“Nui ke anu! Nui ka uku!! Nui ka wauwau!!! Nui ka walaau!!!! Nui ka hiamoe ole!!!!
“It was so very cold! There were so many fleas!! There was so much scratching!!! There was so much talking!!!! There was so little sleep!!!!” (Charles E King, 1896; Engledow; Raymond, NPS)
“An undesirable pest has publicized its presence high above the park entrance by leaving its name on two caves which early visitors found convenient for shelter.”
“Big Flea and Little Flea Caves often appear in accounts of early trips, but never without mention of the annoyance that was caused by their permanent occupants.” (NPS)
Then, the first facility at the National Park was built in 1894 near the summit of Haleakala, a rest house at Kalahaku. The building was constructed by the Maui Chamber of Commerce to give tourists a rough shelter from the unpredictable climate. (NPS)
CW Dickey, acting upon the inspiration of his late father, circulated a subscription list on Maui, and secured $850 for the construction of a rest house on the crater rim.
Prior to its construction, visitors were staying in the caves known as “Little Flea” and “Big Flea” caves. The rest house was called “Craigielea” after a place in Scotland, which the builders knew. (Xamanek)
“The long anticipated pleasure of a ‘house warming’ at Craigielea, the new crater house, was realized on Friday night, Nov. 10th, by a jolly party of twenty-four. The clear, mild weather, the beautiful sunset and sunrise, the grand, old crater In all its varied hues, and the ever-changing cloud effects, all combined to make the occasion most enjoyable.”
“Thirteen of the party, Mrs. CW Dickey, Mrs. D. C. Lindsay, Ethel Mossman, Eva Smith, Grace Dickey, Lottie Baldwin, J. J. Hair, George Aiken, Fred. Baldwin, Sam Baldwin, Harry Mossman, Sylvin Crooke and CW Dickey, spent Thursday night at Olinda, getting an early start for the top on Friday morning.”
“The day slipped quickly away, and at five o’clock a cloud of dust far down the mountain slde announced the approach of HP Baldwin, Helen Chamberlain, Lillian Aiken, Mrs. HG Alexander, Nellie Alexander and Worth Aiken, who were soon followed by J. W. Colvill e, Miss Watson and Miss Hammond.”
“About seven o’clock two more cold and hungry travelers, D. C. Lindsay and F. “W. Armstrong, arrived. The night was too beautiful for any one to think of staying in the house, so, wrapping gay colored blankets about their shoulders, the whole party rallied forth to view the grand, old crater of Haleakala by moonlight.” (Pacific Commercial Advertiser, November 19, 1894)
“Here at Craigie Lea, on the brink of this cold furnace, overlooking the sea ten thousand feet below, or turning to gaze into the bottom of the crater two thousand feet beneath us, we ate our luncheon. Although it was deliciously cool, the rarified atmosphere made eating and drinking an indifferent pleasure.” (Overland Monthly, 1903)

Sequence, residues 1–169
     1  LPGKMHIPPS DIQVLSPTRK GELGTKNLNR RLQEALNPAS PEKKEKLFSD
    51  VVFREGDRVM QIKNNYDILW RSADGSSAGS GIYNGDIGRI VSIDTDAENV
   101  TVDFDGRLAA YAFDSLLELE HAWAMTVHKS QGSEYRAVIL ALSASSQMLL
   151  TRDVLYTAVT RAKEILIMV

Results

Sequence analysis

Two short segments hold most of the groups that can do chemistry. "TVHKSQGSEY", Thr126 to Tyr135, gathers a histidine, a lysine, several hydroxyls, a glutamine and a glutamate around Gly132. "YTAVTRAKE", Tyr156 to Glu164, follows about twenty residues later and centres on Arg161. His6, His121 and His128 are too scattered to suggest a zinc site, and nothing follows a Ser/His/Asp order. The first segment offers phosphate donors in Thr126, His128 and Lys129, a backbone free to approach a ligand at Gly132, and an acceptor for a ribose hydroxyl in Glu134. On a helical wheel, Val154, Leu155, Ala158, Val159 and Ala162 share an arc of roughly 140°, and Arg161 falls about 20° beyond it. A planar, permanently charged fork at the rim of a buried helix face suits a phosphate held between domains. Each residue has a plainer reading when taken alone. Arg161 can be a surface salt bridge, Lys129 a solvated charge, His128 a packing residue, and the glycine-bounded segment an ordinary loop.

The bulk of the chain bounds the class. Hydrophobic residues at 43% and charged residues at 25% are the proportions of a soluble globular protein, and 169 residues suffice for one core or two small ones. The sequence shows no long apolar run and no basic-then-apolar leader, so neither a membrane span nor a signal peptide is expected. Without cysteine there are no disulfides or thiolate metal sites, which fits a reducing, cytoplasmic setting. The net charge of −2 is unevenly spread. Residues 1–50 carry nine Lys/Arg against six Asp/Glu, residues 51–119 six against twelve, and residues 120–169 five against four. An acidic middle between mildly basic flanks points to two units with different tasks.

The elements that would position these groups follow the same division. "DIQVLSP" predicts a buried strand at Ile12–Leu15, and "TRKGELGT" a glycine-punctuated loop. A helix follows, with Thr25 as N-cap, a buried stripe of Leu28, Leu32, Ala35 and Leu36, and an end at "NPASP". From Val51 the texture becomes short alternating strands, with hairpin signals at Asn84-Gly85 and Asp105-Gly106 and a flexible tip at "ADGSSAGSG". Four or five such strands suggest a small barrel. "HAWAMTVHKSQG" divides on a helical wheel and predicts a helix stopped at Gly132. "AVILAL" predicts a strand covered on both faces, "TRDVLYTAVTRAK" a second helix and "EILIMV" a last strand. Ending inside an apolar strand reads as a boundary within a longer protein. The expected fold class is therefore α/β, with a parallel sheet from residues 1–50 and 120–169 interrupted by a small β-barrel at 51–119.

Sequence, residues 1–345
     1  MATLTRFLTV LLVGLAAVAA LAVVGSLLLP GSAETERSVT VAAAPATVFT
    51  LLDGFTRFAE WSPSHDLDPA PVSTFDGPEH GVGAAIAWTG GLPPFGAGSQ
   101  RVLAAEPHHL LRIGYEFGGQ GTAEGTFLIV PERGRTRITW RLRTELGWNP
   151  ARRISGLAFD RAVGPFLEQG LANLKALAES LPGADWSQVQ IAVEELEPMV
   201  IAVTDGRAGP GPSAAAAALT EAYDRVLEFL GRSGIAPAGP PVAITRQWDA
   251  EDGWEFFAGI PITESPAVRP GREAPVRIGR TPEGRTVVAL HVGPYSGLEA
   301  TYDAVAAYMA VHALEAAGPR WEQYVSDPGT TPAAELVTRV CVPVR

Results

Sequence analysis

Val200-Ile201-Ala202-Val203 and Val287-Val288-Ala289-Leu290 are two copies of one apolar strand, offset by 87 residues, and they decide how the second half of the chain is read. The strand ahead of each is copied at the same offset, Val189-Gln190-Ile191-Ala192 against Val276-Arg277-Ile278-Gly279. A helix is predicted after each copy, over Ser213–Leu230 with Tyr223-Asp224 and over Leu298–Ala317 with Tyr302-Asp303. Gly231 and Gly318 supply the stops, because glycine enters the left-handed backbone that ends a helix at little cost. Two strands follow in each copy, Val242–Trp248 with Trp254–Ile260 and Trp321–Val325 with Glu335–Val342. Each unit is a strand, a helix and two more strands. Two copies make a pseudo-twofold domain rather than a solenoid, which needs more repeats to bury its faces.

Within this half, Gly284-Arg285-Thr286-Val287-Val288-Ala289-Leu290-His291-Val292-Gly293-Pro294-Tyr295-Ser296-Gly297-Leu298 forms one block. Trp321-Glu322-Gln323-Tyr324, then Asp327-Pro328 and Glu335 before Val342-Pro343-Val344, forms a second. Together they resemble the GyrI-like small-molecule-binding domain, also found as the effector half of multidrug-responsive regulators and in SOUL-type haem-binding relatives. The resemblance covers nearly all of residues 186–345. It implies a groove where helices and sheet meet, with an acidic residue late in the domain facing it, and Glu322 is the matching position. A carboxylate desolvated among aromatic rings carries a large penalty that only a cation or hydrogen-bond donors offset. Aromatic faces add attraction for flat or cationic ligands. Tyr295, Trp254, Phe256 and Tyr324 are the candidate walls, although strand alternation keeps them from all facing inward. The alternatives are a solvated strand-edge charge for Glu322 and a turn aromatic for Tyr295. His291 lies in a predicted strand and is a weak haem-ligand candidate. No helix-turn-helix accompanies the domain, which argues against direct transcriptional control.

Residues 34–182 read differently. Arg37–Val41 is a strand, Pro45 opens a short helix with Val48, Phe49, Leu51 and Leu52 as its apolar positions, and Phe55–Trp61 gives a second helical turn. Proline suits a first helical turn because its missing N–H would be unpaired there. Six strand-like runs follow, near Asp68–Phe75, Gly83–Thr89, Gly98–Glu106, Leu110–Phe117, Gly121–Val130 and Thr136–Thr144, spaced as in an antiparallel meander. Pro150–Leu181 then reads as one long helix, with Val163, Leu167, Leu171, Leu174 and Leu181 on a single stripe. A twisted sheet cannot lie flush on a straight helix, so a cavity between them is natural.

“It is constructed of stone, the walls being twenty inches thick, and is covered with an iron roof. The principal entrance is at the west end, with a deep fireplace at the other end.”
“On either side are two pair of casement windows, each pair separated by a narrow stone pier, making the openings too small to serve as an entrance for vagrants. A small door on the mauka side, near the fireplace, furnishes a convenient exit for those occupying that end of the building.”
“The furniture consists of sixteen canvas cots which can be folded and put out of the way, two tables hung by hinges under two of the windows, so as to be let down when not in use, a cupboard with six shelves, and a full set of rough cooking utensils and tin table ware.”
“Near the house is a comfortable shed enclosed by crude stone walls, which can be used as a saddle house and be occupied by servants. Just makai of this shed is a shelter for horses. An oval cistern sir by ten by nine feet deep will provide plenty of water when the winter rains have filled it.”
“The house is securely locked so that no one can obtain access except in the use of a key, twenty of which have been provided, and distributed among the various plantations offices and other places convenient to the public.”
“Any respectable person will have no difficulty in obtaining a key before he climbs the mountain. It is now an easy undertaking to ride from Makawao to the summit, view the sunset and sunrise, and return to civilization on the following day.” (Pacific Commercial Advertiser, November 19, 1894)
This first rest house was completed in two months and served for some three years until a heavy storm unroofed it. Sometime later, Worth O Aiken, Chairman of the Haleakala Rest House Committee for many years, raised another community fund which was used to reroof the building, lay a concrete floor, and equip it with a metal door, window frames and shutters.
With the increasing number of visitors to the crater, the rest house became inadequate and, at the Territorial Civic Convention of 1914, which was held on Maui, a new subscription list was started for a new rest house.
With this money, the new building was constructed and made ready for occupancy by the spring of 1915. It was later demolished in 1957. (NPS)